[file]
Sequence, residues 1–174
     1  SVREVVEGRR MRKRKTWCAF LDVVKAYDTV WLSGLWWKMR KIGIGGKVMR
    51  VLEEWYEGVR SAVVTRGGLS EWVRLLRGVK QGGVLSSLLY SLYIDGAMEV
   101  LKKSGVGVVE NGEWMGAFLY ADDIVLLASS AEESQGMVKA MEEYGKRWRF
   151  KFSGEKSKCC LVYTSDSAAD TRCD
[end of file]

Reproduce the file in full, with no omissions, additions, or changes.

Sequence, residues 1–174
     1  SVREVVEGRR MRKRKTWCAF LDVVKAYDTV WLSGLWWKMR KIGIGGKVMR
    51  VLEEWYEGVR SAVVTRGGLS EWVRLLRGVK QGGVLSSLLY SLYIDGAMEV
   101  LKKSGVGVVE NGEWMGAFLY ADDIVLLASS AEESQGMVKA MEEYGKRWRF
   151  KFSGEKSKCC LVYTSDSAAD TRCD